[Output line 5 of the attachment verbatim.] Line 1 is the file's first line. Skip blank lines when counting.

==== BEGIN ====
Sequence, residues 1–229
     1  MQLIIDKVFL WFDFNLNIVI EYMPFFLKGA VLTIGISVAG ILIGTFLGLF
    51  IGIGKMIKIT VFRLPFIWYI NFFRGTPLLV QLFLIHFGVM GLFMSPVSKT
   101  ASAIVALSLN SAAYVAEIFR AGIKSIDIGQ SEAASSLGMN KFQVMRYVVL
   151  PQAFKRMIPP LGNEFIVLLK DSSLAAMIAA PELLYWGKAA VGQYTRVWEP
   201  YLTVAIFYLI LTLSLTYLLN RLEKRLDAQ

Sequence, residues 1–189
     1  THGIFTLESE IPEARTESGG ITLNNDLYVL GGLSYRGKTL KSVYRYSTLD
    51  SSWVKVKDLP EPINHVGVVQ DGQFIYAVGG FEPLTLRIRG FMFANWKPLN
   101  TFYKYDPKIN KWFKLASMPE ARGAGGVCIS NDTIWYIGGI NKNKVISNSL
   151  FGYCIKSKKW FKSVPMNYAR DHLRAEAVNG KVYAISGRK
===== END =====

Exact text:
   151  PQAFKRMIPP LGNEFIVLLK DSSLAAMIAA PELLYWGKAA VGQYTRVWEP